Note: This reflection first appeared in the January 12th edition of the Nelson Star News.

 

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A Spirituality of Depth and Fruitfulness (Part One)

 

“I am the vine; you are the branches.  If you remain in me and I in you, you will bear much fruit.”  John 15:5

For those who humbly embrace him as Saviour and Lord, Jesus offers a life-transforming spirituality characterized by two things: depth of intimacy and fruitfulness.  However, many people find the experience of both to be out of reach.  As a result some resolve to try harder, but quickly arrive at spiritual burn-out.  Others simply give up, believing themselves to be insufficiently spiritual to “take hold of the life that is truly life” (1 Timothy 6:19).  Then there are those whose hearts grow cold having believed the lie that the abundant life Jesus offers was never meant for them.

Sometimes the root of this disconnect lies in the fact that people expect the fruit without being connected to the Vine.  Many who call themselves Christians have never personally surrendered their lives to Jesus.  They understand Christianity as civic religion, a moral framework, or perhaps even as short-hand for “Western values.”  They attend church, serve the poor, and are genuinely good people.  Jesus, however, makes it clear that the term Christian (i.e. “little Christ”) is only for those in him through faith.

In John 15 Jesus talks a lot about abiding (i.e. remaining) in him, and the fruitfulness that comes as a result.  However, the first condition of remaining in Christ is to place yourself in Him.  No one is automatically “in Christ.”  Jesus refers to himself as the true vine (John 15:1), and we are branches that have been cut off from God due to sin’s power.  However, through his life, death, and resurrection, Jesus opened up a way by which we could be saved out of this separation from God and into a unique relationship with God.  Like branches that are grafted into a strong and life-giving vine, by placing our trust in Christ we are reconnected to the source of life, hope, love, and truth.  Then Jesus’ life begins to flow through ours in surprising and powerful ways.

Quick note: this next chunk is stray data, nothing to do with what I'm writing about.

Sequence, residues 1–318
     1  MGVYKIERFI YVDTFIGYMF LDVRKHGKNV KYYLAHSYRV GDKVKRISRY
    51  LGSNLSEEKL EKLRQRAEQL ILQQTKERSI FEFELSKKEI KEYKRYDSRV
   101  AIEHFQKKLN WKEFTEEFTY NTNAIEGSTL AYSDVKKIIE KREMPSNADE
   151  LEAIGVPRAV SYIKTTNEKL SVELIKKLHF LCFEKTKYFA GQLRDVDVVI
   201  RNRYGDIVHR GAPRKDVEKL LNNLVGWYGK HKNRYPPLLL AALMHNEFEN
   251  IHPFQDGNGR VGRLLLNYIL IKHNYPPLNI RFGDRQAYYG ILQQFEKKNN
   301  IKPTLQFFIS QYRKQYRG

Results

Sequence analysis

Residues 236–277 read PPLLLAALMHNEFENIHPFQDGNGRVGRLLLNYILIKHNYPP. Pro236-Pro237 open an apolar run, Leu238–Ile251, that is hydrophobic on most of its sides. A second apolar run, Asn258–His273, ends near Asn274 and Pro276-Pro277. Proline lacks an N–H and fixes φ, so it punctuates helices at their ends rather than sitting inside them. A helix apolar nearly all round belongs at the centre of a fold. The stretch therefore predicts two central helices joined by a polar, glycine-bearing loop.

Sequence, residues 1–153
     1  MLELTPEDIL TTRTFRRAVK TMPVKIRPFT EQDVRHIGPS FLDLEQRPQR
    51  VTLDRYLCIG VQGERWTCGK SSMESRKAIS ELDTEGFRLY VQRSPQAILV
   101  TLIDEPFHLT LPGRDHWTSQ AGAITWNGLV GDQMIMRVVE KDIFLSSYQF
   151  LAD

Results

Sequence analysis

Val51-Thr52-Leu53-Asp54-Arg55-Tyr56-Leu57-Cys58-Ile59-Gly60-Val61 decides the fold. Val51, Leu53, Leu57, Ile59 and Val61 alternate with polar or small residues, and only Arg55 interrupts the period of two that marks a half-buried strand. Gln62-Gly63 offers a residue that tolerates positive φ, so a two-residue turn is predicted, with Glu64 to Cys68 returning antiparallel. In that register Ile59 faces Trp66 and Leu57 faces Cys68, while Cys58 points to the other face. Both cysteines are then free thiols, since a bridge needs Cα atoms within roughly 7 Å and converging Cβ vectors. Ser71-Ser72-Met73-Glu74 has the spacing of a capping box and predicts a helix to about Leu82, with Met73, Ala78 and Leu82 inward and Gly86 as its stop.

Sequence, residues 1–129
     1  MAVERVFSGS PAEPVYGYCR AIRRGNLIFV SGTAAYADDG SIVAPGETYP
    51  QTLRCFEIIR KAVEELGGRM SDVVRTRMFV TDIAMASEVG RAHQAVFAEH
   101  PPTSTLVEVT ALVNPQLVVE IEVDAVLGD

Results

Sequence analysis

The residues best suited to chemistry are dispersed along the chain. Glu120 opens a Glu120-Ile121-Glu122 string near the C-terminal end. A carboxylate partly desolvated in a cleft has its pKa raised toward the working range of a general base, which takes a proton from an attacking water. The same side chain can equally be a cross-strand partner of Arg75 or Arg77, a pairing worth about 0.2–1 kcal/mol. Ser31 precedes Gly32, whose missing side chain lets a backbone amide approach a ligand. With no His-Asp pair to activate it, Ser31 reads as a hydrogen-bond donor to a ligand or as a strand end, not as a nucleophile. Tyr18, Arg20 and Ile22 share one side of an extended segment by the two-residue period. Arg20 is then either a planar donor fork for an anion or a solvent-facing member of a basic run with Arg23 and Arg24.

A person is not a Christian if they are not connected to the Vine.  And a person cannot experience the promises Jesus declares for those in him, while they choose to remain outside of his redeeming love.

Do you long to experience a spirituality of depth and fruitfulness that touches every dimension of your life in joyous, restorative, hopeful, and redeeming ways?  Place yourself in Christ first, and then learn to abide in him.

Note: This reflection first appeared in Nelson Star News on January 5th, 2018.

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Who Defines Your Spirituality?